I focus on nourishing my body with nutritious foods and staying hydrated. Additionally, I create a consistent sleep routine to ensure sufficient rest. Engaging in activities I enjoy, such as reading, painting, or spending time in nature, helps me recharge and find joy in everyday life.

Seeking Validation From Others

18 Things I Stopped Doing To Improve My Mental Health
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Seeking constant validation from others can become an unhealthy habit. Relying solely on external approval for my self-worth puts my mental health at the mercy of others’ opinions. Instead, I work on building self-assurance from within. I recognize and celebrate my achievements, no matter how small, without seeking external validation.

I surround myself with supportive and encouraging people who uplift me without judgment. Developing a strong sense of self allows me to navigate life’s challenges more resilient and confidently.

Multitasking Excessively

18 Things I Stopped Doing To Improve My Mental Health
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The modern world often glorifies multitasking, but excessive multitasking can lead to reduced productivity and increased stress levels. I’ve learned to prioritize tasks and focus on one thing at a time. When I allocate dedicated time to complete a task, I accomplish it more efficiently and with higher quality.

This shift in approach reduces overwhelm and enhances my ability to stay present and mindful in each activity.

Consuming Excessive Negative News

18 Things I Stopped Doing To Improve My Mental Health
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Constant exposure to negative news can contribute to anxiety, helplessness, and sadness. While staying informed is essential, I now set boundaries on the amount of news consumption and the sources I engage with.

I focus on credible, balanced reporting and limit my exposure to distressing content. Balancing negative news with positive and uplifting stories helps maintain a more optimistic perspective.

Holding Grudges

18 Things I Stopped Doing To Improve My Mental Health
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Holding onto grudges and unresolved conflicts only weighs me down emotionally. It takes significant energy to sustain negative emotions toward others. I’ve learned the importance of forgiveness, not only for others but for my mental well-being.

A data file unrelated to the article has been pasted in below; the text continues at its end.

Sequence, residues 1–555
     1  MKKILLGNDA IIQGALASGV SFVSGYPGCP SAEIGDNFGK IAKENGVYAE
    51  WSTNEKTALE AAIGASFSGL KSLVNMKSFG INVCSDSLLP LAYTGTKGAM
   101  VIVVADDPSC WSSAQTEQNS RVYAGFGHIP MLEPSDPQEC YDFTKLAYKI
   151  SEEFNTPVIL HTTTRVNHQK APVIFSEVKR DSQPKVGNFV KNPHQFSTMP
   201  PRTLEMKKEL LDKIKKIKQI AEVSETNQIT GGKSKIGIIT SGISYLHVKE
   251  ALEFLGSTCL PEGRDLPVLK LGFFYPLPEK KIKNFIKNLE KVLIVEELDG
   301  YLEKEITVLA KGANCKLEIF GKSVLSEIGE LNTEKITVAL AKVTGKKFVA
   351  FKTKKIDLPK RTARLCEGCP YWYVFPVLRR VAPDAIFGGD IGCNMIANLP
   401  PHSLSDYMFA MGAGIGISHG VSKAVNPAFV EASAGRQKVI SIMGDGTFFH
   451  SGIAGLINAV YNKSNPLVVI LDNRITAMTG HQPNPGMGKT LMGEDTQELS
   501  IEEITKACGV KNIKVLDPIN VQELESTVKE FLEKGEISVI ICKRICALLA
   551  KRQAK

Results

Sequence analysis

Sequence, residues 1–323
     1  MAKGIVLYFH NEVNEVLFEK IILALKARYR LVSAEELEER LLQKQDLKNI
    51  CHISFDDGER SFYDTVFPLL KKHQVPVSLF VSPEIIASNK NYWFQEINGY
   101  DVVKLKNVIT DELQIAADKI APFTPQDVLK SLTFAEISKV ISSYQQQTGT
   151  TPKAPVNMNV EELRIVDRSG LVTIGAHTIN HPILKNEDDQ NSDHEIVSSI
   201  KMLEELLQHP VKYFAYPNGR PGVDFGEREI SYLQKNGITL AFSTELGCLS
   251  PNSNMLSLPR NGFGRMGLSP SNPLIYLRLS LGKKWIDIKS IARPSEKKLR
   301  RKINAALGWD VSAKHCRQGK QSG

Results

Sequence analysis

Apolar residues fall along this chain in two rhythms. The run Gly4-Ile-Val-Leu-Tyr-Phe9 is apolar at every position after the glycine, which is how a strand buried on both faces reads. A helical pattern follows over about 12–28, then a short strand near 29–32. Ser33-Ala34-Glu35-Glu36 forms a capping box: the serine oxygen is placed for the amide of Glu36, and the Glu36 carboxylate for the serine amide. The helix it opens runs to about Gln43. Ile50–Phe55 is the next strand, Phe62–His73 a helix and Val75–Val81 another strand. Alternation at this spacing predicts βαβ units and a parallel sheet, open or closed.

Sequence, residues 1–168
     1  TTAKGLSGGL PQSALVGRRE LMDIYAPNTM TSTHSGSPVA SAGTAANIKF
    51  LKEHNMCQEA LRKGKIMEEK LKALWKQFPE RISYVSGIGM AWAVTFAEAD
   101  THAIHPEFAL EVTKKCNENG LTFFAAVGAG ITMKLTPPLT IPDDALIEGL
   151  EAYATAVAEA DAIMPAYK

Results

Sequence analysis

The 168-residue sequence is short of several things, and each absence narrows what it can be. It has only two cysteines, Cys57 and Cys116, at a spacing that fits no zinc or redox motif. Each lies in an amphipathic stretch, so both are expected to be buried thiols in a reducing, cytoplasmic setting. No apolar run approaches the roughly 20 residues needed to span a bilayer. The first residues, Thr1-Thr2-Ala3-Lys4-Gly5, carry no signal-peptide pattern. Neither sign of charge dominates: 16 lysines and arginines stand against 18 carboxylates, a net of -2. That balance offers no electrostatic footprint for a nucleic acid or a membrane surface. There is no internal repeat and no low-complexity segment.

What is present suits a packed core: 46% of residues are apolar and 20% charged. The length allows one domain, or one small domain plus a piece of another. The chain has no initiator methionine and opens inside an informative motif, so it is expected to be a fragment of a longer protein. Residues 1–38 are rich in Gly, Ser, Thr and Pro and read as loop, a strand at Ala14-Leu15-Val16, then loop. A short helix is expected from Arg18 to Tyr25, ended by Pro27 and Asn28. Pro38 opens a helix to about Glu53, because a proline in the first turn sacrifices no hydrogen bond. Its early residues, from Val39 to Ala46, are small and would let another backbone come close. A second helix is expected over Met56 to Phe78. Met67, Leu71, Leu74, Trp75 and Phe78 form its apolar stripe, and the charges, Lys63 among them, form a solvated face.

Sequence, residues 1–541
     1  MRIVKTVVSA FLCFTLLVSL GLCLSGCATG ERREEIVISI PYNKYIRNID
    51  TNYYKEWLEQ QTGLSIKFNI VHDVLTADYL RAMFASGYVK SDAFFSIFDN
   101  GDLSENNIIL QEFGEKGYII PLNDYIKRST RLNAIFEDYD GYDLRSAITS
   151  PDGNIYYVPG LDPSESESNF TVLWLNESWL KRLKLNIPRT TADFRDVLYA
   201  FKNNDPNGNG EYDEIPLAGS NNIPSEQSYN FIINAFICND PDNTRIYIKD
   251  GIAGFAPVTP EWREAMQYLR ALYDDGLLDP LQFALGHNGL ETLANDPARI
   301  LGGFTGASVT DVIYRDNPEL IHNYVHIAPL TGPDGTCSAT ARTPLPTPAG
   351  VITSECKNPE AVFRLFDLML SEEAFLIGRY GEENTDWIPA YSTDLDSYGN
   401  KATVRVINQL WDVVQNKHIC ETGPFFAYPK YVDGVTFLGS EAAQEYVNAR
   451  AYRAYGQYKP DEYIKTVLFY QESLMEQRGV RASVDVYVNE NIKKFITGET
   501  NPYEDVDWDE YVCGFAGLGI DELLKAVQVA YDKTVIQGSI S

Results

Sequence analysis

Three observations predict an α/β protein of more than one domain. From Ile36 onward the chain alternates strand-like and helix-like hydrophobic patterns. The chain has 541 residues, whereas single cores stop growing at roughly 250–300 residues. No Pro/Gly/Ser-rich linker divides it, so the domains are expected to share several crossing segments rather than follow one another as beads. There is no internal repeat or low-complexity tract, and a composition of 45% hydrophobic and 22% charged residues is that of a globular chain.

Forgiveness doesn’t mean condoning hurtful behavior, but it frees me from the burden of carrying resentment. I create space for healing and healthier relationships by letting go of grudges.

Overcommitting

18 Things I Stopped Doing To Improve My Mental Health
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Saying yes to every request or opportunity can lead to feeling overwhelmed and burnt out. I now assess my time and energy before committing to new tasks or obligations. I prioritize activities that align with my values and goals, learning to say no when necessary. Setting boundaries around my time allows me to focus on essential tasks and engage in self-care without guilt.

Avoiding Seeking Help

18 Things I Stopped Doing To Improve My Mental Health
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Asking for help is a sign of strength, not weakness. I recognize that I don’t have to navigate life’s challenges alone. Whether it’s reaching out to friends or family or seeking professional support from a therapist or counselor, seeking help is a courageous step toward improving my mental health. Speaking openly about my struggles with someone I trust often leads to a sense of relief and connection.

Overusing Social Media

18 Things I Stopped Doing To Improve My Mental Health
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Social media can be a double-edged sword, offering both connection and comparison. I consciously limit my time on social media platforms and choose to engage in meaningful interactions with friends and family offline. When using social media, I curate my feed to include content that inspires and uplifts me rather than triggers feelings of inadequacy. Practicing digital detoxes from time to time also helps me reconnect with the present moment and reduces screen-induced stress.

Neglecting Hobbies and Interests

18 Things I Stopped Doing To Improve My Mental Health
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I enjoy engaging in hobbies and activities is crucial for my mental health. Hobbies provide a sense of accomplishment, creativity, and relaxation. Whether it’s reading, gardening, playing a musical instrument, or any other passion, dedicating time to these activities fosters a sense of fulfillment and well-being.

Dwelling on Things Beyond My Control

18 Things I Stopped Doing To Improve My Mental Health
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Constantly worrying about things beyond my control leads to unnecessary stress and anxiety. I now focus on what I can influence and let go of what I cannot. By practicing acceptance and embracing uncertainty, I cultivate a more resilient mindset. When faced with challenges, I remind myself that I have the power to adapt and find solutions.

Neglecting Physical Health

18 Things I Stopped Doing To Improve My Mental Health
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The mind and body are intricately connected; neglecting physical health can adversely affect mental well-being. Regular exercise, a balanced diet, and sufficient rest are essential to maintaining a healthy mind. I prioritize physical health to ensure that my body and mind work harmoniously.

Neglecting Professional Help

18 Things I Stopped Doing To Improve My Mental Health
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If my mental health struggles persist or become overwhelming, seeking professional help is crucial. A mental health professional can offer valuable insights, coping strategies, and support tailored to my unique needs. I no longer hesitate to seek therapy or counseling when necessary, understanding that it’s a proactive step towards a healthier and happier life.